I watched a group of third, fourth, and fifth graders rush back from the gym into their multiage classroom last Wednesday. As they entered they grabbed for their computers out of a charging cart — the school is all one-to-one but the kids don’t take their laptops home — maybe ‘yet.”
It’s a mix of stuff in this small rural school. Mostly Windows 8 laptops for 3–4–5 but some MacBook Airs too.
The kids didn’t care about what they had, “it doesn’t matter at all to them,” one of their teachers said. And as I watched it reflected on something our Chief Information Officer has said many times, there is a big difference in how elementary kids approach digital devices and how high school kids approach digital devices, and suddenly it deeply clicked for me:
If a child is under 12 they have grabbed for whoever’s smartphone since they could grab. They have pushed on touchscreens since they were age two or even one. They have never cared about brand or operating system or whether this control shows up here or there.
Above: David is one, selfies are already a specialty. Via Hellie Bullock.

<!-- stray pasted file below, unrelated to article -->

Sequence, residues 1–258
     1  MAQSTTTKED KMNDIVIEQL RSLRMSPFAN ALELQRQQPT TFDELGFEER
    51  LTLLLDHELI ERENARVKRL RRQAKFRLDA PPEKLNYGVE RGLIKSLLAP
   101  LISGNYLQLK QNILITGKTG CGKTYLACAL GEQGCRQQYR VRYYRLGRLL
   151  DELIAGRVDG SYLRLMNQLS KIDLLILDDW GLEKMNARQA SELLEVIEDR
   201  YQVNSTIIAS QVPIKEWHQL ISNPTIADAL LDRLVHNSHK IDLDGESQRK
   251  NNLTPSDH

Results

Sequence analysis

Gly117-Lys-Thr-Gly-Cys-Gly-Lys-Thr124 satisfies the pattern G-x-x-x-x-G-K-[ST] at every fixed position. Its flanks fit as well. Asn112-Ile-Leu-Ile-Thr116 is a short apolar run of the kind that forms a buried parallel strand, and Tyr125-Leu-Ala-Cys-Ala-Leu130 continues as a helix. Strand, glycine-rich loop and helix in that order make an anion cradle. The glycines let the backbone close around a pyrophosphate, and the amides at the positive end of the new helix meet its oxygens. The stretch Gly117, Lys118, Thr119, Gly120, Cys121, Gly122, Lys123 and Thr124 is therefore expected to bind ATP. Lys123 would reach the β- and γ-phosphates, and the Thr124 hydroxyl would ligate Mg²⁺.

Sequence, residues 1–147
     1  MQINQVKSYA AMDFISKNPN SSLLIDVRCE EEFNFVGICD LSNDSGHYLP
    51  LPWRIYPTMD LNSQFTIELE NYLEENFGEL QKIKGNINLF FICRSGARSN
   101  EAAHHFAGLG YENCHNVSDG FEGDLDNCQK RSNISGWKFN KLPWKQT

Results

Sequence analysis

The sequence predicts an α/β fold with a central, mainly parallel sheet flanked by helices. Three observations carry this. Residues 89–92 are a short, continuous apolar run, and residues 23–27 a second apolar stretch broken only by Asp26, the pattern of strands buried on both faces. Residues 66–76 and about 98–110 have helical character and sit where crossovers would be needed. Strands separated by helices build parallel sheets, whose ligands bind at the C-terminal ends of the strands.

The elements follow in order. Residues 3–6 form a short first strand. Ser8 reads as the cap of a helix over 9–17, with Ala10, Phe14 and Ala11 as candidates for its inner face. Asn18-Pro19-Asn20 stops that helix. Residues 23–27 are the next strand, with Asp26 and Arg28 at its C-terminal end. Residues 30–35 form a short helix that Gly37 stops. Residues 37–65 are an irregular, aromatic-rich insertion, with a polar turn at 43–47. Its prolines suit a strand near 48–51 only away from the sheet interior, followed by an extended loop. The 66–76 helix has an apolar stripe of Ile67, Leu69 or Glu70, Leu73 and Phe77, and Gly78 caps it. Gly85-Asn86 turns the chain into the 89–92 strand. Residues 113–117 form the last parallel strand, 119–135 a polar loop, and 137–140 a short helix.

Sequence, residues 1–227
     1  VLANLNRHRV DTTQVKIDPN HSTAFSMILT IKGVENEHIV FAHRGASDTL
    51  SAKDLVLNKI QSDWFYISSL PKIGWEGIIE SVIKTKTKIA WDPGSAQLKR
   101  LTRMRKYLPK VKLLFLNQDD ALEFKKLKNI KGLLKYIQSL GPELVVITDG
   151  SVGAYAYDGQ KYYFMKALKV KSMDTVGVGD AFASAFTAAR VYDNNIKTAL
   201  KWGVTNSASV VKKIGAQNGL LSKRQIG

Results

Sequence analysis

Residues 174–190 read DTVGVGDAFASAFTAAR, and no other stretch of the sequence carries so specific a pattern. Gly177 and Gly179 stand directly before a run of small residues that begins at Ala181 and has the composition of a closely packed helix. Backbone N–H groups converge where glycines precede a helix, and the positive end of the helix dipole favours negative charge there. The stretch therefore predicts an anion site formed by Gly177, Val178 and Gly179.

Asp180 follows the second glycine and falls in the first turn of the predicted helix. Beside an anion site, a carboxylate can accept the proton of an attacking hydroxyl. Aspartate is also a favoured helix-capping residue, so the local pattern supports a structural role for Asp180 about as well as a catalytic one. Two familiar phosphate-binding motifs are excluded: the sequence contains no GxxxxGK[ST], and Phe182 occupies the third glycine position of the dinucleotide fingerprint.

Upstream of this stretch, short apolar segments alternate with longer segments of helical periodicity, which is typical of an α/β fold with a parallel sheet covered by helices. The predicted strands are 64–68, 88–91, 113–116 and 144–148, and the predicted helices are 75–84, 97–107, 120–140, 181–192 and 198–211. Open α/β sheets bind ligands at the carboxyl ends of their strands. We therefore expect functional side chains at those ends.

Our high school kids can still be a bit like us. Digital was, at some point, introduced to them. And with that introduction may have come brand preference/status, system norms, etc.
So we sometimes get suburban high schoolers who are sure that their MacBook is better — it costs more after all — or who know which phone is superior. But elementary kids know the truth, the brand or operating system of their laptops or mobile device is every bit as important as the brand of their home refrigerator when they rush in after school. These are appliances that connect them and offer support for those connections.
So a keyboard may matter. A hard drive may matter, accessibility tools may matter (these student requests led us to be dominantly a Windows 8/soon 10 laptop environment), but for most tasks, only the connection, and the freedom to roam, really matters.
That’s why we can’t observe high schools and really make tech decisions based on what we see there. We always need to be looking far ahead. What do our kindergarteners do? What devices lie ahead? Last week I saw the next ThinkPad. A ’Surface’-type device with a built in projector and 3D scanner.
So now, do we stop worrying about 90% of classroom projectors? Maybe. We can already imagine schools with very very few 2D kind of printers, so…
The art of school technology planning lies in living in the future. The digital appliance era isn’t even the future. It’s the now. So what’s next?
- Ira Socol